Following up on The Knife Man and John Hunter, the great 18th-century anatomist and surgeon. In Hunter’s era surgery was brutal, in large part due to surgeons’ ignorance of anatomy, and in that earlier post I wondered why there was still such ignorance given that the 1700s were two centuries after Andreas Vesalius and a century after Francis Bacon.
Here’s my hypothesis: Philosophy has a lot to do with it.
Suppose you’re an early physician — your patients suffer and die, and you don’t know why. One option is not to think much of it: bad stuff happens, people die, accept it. It takes an active mind — curiosity, interest, follow through — for science to get going. Why do people die?
Even if you do decide to think about it, there are further obstacles.
One is the historically common belief that the gods cause things to happen. That metaphysical belief will stop you from looking for natural, anatomical causes.
If you reject religious cause-and-effect and suspect that the cause might be anatomical, there are aesthetic obstacles — think of the sights you will see, the textures you will feel, and (probably the worst) the odors you will smell.
There are moral obstacles: anatomy seems to disrespect the dead or to disrespect the living person the corpse once was. Moral obstacles might also be based on particular religious metaphysical beliefs, such as the resurrection of the body and so wanting to preserve the body intact for that eventuality.
So philosophy — metaphysics, morality, and aesthetics — can stop the impulse that leads to anatomy. And based on some or all of the above, there will be legal obstacles.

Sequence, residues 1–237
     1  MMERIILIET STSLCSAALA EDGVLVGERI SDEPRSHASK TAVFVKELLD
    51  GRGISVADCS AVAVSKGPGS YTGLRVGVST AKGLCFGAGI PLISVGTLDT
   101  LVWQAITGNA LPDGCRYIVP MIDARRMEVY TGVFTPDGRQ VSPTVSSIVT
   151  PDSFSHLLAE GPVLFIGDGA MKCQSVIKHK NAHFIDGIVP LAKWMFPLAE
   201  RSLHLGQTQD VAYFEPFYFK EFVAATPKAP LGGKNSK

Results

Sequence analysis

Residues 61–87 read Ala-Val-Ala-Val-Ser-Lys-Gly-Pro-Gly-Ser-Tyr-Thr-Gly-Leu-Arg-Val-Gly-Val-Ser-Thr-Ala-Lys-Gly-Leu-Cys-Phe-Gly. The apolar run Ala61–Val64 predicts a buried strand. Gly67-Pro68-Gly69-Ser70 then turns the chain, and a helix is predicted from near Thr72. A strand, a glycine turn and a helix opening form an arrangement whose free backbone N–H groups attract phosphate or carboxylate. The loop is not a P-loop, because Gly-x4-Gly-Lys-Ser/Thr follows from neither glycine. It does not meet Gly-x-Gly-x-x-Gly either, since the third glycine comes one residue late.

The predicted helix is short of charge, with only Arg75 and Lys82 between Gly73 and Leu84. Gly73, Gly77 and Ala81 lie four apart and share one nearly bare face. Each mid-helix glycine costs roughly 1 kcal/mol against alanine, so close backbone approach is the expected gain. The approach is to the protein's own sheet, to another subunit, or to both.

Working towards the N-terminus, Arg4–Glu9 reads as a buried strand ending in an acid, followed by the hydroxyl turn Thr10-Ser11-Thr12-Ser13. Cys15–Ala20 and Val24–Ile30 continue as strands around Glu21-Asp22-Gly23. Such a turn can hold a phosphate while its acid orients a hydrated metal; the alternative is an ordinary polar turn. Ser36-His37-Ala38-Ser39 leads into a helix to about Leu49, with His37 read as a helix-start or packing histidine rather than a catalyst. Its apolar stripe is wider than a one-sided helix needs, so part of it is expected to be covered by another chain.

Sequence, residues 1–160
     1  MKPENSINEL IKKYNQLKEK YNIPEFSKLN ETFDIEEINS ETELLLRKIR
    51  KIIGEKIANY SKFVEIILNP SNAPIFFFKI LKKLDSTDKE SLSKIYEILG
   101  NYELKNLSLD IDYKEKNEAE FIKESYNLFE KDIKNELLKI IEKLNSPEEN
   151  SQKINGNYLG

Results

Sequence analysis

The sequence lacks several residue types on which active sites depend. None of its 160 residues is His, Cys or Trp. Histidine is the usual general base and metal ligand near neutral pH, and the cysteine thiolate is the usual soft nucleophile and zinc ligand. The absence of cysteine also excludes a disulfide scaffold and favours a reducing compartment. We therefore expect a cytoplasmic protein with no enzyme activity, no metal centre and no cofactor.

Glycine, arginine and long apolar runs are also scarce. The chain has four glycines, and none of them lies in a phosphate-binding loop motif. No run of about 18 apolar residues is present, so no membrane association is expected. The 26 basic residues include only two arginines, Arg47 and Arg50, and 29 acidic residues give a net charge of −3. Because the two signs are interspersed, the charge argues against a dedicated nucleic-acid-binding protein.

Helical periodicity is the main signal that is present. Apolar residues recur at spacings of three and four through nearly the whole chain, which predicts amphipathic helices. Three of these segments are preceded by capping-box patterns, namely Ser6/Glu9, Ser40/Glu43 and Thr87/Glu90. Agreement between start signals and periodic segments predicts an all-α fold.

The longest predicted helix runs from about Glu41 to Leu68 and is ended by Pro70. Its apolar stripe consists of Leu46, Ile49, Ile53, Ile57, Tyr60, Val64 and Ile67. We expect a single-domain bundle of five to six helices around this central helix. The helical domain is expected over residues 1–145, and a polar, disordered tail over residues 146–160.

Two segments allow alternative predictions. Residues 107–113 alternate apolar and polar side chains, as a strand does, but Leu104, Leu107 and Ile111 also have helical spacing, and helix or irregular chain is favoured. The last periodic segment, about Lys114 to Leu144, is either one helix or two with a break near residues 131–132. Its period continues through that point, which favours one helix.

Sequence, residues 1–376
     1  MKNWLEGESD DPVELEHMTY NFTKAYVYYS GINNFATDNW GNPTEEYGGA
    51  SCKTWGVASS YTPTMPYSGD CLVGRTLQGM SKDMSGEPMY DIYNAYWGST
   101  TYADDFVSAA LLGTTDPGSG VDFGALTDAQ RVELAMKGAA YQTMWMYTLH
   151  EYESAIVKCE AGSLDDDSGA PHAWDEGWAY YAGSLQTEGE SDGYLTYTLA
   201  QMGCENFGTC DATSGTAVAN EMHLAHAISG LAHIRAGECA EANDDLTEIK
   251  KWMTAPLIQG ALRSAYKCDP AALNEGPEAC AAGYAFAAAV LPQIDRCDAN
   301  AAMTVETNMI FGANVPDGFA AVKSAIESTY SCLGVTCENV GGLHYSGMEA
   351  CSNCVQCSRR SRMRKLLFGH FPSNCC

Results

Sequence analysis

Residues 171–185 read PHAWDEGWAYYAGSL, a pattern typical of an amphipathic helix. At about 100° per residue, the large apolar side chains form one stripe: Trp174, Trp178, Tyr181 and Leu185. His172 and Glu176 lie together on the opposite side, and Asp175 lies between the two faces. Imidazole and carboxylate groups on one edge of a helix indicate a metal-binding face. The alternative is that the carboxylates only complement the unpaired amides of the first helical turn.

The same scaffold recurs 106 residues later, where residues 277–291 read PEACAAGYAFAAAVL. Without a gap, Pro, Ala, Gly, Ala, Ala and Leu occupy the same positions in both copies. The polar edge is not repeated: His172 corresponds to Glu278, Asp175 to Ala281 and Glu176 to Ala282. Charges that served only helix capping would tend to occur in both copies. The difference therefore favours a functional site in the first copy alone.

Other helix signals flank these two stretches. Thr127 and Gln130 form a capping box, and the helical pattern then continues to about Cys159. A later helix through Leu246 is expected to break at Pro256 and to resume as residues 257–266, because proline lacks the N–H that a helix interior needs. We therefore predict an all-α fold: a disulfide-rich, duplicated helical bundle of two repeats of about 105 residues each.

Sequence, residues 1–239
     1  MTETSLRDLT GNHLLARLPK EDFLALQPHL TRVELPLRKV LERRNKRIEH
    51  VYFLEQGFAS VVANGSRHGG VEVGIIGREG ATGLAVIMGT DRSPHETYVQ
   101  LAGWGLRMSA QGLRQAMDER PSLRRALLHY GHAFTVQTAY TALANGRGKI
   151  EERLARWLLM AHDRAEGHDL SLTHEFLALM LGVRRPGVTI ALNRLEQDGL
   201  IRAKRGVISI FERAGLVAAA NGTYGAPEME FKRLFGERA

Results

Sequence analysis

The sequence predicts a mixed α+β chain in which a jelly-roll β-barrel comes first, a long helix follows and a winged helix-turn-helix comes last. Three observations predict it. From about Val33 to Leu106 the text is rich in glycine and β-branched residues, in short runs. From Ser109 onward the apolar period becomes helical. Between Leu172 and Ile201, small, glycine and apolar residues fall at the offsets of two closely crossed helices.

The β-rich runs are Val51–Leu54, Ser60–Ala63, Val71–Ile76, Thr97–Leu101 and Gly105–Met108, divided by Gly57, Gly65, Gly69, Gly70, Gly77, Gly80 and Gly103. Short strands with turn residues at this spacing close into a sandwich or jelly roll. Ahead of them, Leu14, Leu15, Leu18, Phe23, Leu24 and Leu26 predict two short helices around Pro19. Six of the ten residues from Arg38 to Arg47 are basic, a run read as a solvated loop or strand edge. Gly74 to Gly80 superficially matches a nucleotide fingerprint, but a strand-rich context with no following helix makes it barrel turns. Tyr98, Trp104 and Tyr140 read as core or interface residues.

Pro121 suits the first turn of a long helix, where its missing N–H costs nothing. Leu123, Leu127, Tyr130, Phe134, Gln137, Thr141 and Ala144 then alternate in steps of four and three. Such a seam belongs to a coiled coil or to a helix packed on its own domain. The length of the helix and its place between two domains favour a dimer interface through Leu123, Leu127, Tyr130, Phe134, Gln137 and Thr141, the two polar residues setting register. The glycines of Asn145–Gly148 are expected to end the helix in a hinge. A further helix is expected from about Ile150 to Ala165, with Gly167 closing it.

To those obstacles, all of which were operative in early modern Europe, let me add the epistemological barriers.
One was the reverence for tradition. Religion emphasized tradition, and the Renaissance respect for the ancients’ accomplishments often meant merely substituting a Greek or Roman authority for a Judeo-Christian one. For the early modern understanding of the inner workings of the human body, Galen’s humor theory was the mostly-unquestioned authority.
To the extent that early scientists were willing to think independently of traditional authorities, many simply speculated and spun theoretical just-so stories. An example here is Albrecht von Haller, a Swiss contemporary of John Hunter, who, based on no observational evidence, argued that every embryo was from day one already a perfect miniature of the mature organism and that embryonic development was merely a matter of increasing size.
And to the extent that anatomy was done, it was most often performed as a demonstration of traditional or speculative theories. Students would crowd around the anatomist while the professor read from the authoritative text telling the students what they were seeing. This usually meant that top-down confirmation bias simply reinforced the traditions and speculations.
So early anatomy was hobbled by three faulty epistemologies:
Tradition — the unthinking acceptance of others’ thinking.
Speculation — thinking independent of observation.
The demonstration method — observation only as the hand-maiden to thinking.
The primacy of observation: that epistemological principle had to be articulated and institutionalized. That is what Francis Bacon did for philosophy in the 1600s and what John Hunter did for anatomy in the 1700s.
Empiricism made anatomy possible. Anatomy made internal surgery possible. Surgery made dramatic live-saving and life-improvements possible. Conclusion: Philosophy is very practical.
Wendy Moore’s The Knife Man: Blood, Body Snatching, and the Birth of Modern Surgery [Amazon’s site].
Sherwin Nuland’s Doctors: The Biography of Medicine [Amazon’s site]. I love the chapter on Vesalius.